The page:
November 18, 2017
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Collins delivers on DADT; now, it’s Obama’s turn

By Jonathan Capehart, Special to the BDN
Olivier Douliery | MCT | BDN
Olivier Douliery | MCT | BDN
The Servicemembers Legal Defense Network holds a Capitol Hill rally to call on the Senate to remain in session, and the president to remain in Washington, until The National Defense Authorization is passed - which includes the repeal of the Pentagon's 'Don't Ask, Don't Tell' policy barring homosexuals from openly serving in the U.S.military on Capitol Hill in Washington D.C, December 10, 2010. (Olivier Douliery/Abaca Press/MCT)

Those who questioned Sen. Susan Collins’ sincerity in wanting to repeal “don’t ask, don’t tell” (DADT) got their comeuppance when the Republican from Maine did what she hinted she might do when we spoke Wednesday: She voted for cloture on the motion to reconsider the defense authorization bill (NDAA). But the motion failed 57 to 40. So, now Collins, Sen. Joe Lieberman, I-Conn., and others are leading an effort to get it passed as a stand-alone bill in the lame-duck session.

The chances of success are slim. But when striking a blow against discrimination and for people’s right to basic dignity, it’s damned well worth it.

Organizations such as Servicemembers Legal Defense Network and Servicemembers United have taken the any-port-in-the-storm approach to get DADT repealed during the lame-duck session. They’re all for attaching it to a continuing resolution or some other legislative vehicle, in addition to backing a stand-alone bill.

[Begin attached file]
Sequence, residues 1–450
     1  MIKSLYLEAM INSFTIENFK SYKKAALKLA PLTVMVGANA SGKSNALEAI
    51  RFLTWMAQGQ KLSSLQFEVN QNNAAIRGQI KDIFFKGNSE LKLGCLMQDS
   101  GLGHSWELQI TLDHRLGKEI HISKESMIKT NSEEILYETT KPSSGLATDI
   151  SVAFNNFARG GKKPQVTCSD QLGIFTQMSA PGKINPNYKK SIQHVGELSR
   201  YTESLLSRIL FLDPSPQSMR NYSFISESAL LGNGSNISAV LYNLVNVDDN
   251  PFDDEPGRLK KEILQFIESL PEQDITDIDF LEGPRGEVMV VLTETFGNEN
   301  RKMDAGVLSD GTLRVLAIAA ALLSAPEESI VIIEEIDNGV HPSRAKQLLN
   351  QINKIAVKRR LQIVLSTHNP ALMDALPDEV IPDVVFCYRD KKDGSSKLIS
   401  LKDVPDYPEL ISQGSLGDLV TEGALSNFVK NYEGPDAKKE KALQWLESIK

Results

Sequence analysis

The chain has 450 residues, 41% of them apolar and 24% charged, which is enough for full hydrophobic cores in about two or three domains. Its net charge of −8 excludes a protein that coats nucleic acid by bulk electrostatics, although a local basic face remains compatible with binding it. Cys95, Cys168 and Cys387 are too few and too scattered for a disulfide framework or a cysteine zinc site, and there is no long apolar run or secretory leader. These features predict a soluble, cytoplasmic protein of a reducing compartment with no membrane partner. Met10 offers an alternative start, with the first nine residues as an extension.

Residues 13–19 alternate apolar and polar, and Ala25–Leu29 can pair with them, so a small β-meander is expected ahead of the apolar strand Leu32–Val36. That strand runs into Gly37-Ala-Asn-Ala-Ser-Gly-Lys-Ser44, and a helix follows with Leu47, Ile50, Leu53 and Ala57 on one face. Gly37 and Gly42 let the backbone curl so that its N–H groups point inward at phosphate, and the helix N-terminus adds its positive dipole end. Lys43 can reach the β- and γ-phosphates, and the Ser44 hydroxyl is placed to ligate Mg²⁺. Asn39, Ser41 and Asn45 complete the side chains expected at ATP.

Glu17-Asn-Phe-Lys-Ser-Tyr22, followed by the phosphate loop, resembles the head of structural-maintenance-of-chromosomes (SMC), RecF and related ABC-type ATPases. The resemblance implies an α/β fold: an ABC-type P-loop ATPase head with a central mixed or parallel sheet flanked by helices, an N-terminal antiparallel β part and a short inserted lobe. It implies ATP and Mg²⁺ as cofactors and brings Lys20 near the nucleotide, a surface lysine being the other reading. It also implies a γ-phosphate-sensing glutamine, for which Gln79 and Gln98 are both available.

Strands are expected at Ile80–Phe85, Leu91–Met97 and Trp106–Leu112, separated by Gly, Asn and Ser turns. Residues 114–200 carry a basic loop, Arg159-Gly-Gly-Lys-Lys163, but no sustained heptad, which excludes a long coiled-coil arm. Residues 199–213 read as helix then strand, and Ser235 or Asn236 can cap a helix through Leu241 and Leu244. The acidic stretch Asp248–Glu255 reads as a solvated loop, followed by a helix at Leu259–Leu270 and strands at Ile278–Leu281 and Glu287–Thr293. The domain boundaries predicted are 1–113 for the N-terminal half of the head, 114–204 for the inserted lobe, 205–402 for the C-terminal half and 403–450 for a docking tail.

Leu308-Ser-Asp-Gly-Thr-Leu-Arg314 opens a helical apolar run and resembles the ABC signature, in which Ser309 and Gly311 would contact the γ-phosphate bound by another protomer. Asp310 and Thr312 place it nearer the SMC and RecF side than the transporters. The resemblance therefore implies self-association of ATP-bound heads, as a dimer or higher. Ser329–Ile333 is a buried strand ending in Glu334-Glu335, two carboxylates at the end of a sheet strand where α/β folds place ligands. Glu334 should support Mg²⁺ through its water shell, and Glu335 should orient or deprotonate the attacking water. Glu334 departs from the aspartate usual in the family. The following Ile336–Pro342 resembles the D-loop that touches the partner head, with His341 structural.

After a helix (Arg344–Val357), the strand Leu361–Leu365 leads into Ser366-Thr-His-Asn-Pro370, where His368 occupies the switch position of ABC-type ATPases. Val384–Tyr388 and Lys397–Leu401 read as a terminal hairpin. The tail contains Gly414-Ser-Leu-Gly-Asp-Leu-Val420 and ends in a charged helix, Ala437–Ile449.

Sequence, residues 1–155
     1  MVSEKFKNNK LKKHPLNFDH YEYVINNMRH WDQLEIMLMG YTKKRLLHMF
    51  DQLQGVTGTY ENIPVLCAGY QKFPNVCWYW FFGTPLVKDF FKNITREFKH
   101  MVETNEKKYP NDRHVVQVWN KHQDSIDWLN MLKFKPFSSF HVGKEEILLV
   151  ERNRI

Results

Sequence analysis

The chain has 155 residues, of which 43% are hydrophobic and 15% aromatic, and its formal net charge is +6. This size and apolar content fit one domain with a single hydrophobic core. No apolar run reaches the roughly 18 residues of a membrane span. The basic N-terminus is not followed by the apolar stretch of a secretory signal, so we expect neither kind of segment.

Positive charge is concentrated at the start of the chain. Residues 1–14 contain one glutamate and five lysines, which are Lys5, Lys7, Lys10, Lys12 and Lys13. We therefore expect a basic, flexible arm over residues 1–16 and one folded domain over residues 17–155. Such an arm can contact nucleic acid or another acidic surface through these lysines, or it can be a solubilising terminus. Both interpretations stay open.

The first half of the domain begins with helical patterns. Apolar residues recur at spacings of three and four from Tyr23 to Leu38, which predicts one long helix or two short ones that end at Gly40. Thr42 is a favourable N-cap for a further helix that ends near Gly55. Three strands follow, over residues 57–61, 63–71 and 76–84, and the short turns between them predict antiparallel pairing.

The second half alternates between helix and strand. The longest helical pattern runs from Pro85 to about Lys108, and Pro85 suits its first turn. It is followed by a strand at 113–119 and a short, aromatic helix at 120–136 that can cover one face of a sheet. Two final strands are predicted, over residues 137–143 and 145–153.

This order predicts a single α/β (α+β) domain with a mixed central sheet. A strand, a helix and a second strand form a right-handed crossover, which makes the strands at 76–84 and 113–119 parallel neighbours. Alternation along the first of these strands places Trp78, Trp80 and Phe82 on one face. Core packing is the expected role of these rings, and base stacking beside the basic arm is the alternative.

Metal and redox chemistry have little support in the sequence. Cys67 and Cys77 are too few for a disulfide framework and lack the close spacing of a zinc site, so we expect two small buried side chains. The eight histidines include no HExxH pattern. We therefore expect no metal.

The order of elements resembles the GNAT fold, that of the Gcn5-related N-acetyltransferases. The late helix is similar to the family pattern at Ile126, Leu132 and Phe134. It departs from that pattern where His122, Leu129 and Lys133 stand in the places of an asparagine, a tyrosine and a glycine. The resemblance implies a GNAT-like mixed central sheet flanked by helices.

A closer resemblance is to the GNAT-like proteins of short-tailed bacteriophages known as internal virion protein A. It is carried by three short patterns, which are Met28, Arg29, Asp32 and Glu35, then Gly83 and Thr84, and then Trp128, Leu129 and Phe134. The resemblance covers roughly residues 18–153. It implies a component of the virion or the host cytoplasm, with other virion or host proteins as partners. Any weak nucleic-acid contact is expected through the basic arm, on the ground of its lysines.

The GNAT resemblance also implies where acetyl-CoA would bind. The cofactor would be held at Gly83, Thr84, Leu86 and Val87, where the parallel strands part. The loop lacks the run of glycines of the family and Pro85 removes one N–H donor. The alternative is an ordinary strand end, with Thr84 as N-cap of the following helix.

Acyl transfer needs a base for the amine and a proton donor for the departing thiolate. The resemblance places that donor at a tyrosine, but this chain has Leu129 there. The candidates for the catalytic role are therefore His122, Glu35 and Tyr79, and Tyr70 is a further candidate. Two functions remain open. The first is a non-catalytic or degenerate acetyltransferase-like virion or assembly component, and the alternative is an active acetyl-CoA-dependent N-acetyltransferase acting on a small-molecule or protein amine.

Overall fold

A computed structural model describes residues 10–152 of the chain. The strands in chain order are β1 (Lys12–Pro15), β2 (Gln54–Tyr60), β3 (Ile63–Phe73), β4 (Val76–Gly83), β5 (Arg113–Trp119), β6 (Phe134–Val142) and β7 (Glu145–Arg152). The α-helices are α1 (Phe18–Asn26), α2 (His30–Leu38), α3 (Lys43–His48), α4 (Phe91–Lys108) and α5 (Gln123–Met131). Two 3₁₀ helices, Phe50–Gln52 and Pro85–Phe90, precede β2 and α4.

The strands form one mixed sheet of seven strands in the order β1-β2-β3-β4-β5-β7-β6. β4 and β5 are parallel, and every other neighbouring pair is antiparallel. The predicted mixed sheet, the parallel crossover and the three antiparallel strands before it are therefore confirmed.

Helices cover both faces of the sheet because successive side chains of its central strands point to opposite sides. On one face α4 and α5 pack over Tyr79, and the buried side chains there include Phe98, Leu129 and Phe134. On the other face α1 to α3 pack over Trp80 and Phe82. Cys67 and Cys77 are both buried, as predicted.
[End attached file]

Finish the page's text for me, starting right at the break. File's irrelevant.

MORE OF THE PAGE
But no matter what happens on Capitol Hill, the action will shift dramatically back to the White House. In fact, it already has. The Human Rights Campaign issued a statement immediately after NDAA failed. The nation’s largest gay rights organization called on President Barack Obama to “stop legal defense of DADT and issue stop-loss order.”

With just a few words in his State of the Union Address in January, Obama got the ball rolling on the repeal of DADT. He deserves credit for bringing us the closest we have come to ending this shameful policy that robs this nation of talent and risks our security.

In a statement issued Thursday by the White House, an “extremely disappointed” Obama urged “the Senate to revisit these important issues during the lame-duck session.”

But the failure in the Senate on Thursday – and the diminishing prospects of legislative success before the Republicans take over the House and increase their ranks in the Senate – means that the president is going to have to do what the Senate couldn’t on the repeal of DADT: lead.

Jonathan Capehart is a member of The Washington Post’s editorial page staff.


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